Stasia's Place Of Grace


Saturday, September 28, 2002

Something New

I have a very small house and I have very cheap furniture (and not a lot of it). I think the only furniture we purchased, rather than receiving it as hand-me-downs from our parents, was our futon! I am not a very confident decorator, and of course with our pets all over everything, we didn't want to buy expensive things.

I spend a lot of time here, as Jeff travels often and I'm unable to go with him. Well, it must be something in the air - a sense of preparing to cozy up indoors during the coming months - and I decided that after almost ten years of marriage, and because I'm here so much, it was time we had a coffee table; someplace to put my feet up while knitting, lay my knitting and my Sister Wendy's "1000 Masterpieces" coffeetable book, and keep a cup of tea handy.

So I went to Fleet Farm - the local farmer and fisherman supply warehouse - and found three really inexpensive pine tables!

Jeff assembled the first two, and after watching him, I did the third while he was at work (patience is not one of my virtues!) I learned to use a ratchet (which is a good thing for a girl to know how to do) and also how to put in a screw shaft which doesn't have a top or bolt on it; you put two nuts on, tighten them against each other so they can't move at all, and then use that as a "handle" to screw the screw in with the ratchet. Pretty neat, huh? Handyman Stasia!

Then I finished them all with non-toxic and sweet-smelling Wood Beams. What else would I trust? You can breathe it in and it will only make your head feel clearer and won't poison your brain; the dogs can lick it and it won't do a bit of harm to them; and you can finish your furniture right on the carpet of the room where it will be used. Fantastic stuff!

I also did my Tabachek pierogi paddles while I was waiting for it to sink into the tables - Wood Beams is safe for food utensils and prep surfaces.

Wood Beams, a/k/a Mrs. Bindle's Spindle Balm, brought out the graining of the wood and it looks glossy and lovely now. I'm not a big fan of wood finished in a way that isn't natural, so I really like what the it did for the new tables. They are now protected from doggie drool and are moisturized so they won't warp. I expect them to darken naturally with exposure to the air and light.

And here they are! Finally, a "grown-up" living room! A hard day's work, but it feels good.

Fiona on sofa with new tables.

Fi again; the lamp is new, too.

Tori inspects a new end table.

I also broke down and got the lamps you see - a great deal at Target. They are wood, which keeps this northern room feeling warm and cozy, and if the dogs knock them over (they like to walk across the low shelf in the bay window behind the sofa), they will not break.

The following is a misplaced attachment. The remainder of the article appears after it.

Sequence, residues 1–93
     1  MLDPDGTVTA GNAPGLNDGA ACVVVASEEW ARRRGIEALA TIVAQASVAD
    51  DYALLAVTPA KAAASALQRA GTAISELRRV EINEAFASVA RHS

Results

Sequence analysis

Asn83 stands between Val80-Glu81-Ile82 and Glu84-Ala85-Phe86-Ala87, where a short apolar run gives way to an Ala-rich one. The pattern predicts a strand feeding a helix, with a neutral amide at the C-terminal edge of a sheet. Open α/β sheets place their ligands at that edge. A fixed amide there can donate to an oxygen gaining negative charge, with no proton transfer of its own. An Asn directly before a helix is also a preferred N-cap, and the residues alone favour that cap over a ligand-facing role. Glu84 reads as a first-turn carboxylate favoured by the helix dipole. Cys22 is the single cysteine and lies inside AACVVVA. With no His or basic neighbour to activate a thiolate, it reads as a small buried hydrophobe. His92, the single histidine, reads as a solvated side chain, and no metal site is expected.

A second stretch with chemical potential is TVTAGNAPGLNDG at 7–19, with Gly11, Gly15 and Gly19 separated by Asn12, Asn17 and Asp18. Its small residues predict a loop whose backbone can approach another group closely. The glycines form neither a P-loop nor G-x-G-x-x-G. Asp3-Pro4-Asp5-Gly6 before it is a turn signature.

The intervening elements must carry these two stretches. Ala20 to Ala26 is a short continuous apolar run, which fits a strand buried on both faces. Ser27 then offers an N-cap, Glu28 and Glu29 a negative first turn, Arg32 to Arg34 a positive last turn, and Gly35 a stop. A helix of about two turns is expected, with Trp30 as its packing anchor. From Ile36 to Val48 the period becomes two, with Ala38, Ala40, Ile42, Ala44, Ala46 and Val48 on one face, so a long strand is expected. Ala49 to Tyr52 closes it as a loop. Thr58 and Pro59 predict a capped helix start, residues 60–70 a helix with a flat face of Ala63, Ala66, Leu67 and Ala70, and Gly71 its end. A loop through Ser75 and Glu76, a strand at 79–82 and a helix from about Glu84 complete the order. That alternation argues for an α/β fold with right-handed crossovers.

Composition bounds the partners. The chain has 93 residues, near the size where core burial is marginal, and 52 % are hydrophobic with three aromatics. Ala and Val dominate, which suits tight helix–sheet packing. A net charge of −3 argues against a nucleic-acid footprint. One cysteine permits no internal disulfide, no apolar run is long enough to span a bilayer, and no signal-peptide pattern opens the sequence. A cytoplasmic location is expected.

Yes, those are Green Bay Packers vinyl clings on my window - they prevent bird crashes and keep Jeff inspired for the games!

Aside from being grateful for finding the new, inexpensive tables and lamps, and learning to use a ratchet, I am grateful for credit cards!

My Fibery World...

I did it. The little voice of reason spoke, and I ripped out the Meilenweit (color 617) Halloween Socks.

But not before I used them to swatch some new ideas (something I never do - I hate swatching in sock knitting!)

"A" is what happens if I do the following:

    Every row, *K4, K2tog, K4, K2 into next stitch*, repeat from * to * around. This might be neat to make some kind of "false entrelac" if you switched the direction of the decreases and increases after a few rounds.

"B" is what happens if I do:

    Modified feather and fan/old shale stitch in threes. Round 1: *K2tog 3x; K2 in next stitch 3x**, repeat around. Round 2 and 3, knit plain. Repeat. It is really bunchy. It might look neater if I did the YOs the real feather and fan/old shale stitch called for.

"C" is what happens with:

    On the second full round of an individual color... Round 1: *K2, K2tog, K2, K2 in next st.*, repeat around. Then knit plain rounds until you're on on the second full round of the next color band.

I wanted to make little "waves" in the stripes, but without making weird dashes of color by using purls. I had to keep futzing with this last version until it came out right for the 60 stitches I'm doing in a round - that means I *K7, K2tog, K7, K2 in next st.* and repeat around. The "waves" or "ripples" are still noticeable while the increases and decreases are not as visible as they are in example "C" above.

This took me two days to figure out! I do not think well in terms of math or geometry, apparently!

Thanks to Amy Mielke whose Old Shale Mohair Scarf pattern helped me to figure out how to make little waves in the self-striping yarn. I couldn't have figured it out on my own! So I'm doing version "C" but in multiples of 7 stitches now and hope to have something to show you soon.

Changing My Mind On Twisted Rib In Stripes...

Previously, I'd mentioned that with the twisted rib stripe running up the center of the instep (which you can sort of see in the lower portion of the photo above), I'd wished I'd put purl stitches before and after to set it off.

In retrospect, I would not do this, as the purl stitches would make little dashes of color in the striped bands. This is also the reason I chose not to do these socks in ribbing, even though I would have preferred that construction. Live and learn...

Now I am off to enjoy my new knitting room! You have a wonderful weekend!

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Thursday, September 26, 2002

To Quote...

    "Great oaks from little acorns grow."
    "Fables", Jean de la Fontaine ("Aesop"), 1621-1695

But also remember this parable, by the same author:

    The Oak and the Reed

    The Oak spoke one day to the Reed
    "You have good reason to complain;
    A Wren for you is a load indeed;
    The smallest wind bends you in twain.
    You are forced to bend your head;
    While my crown faces the plains
    And not content to block the sun
    Braves the efforts of the rains.
    What for you is a North Wind is for me but a zephyr.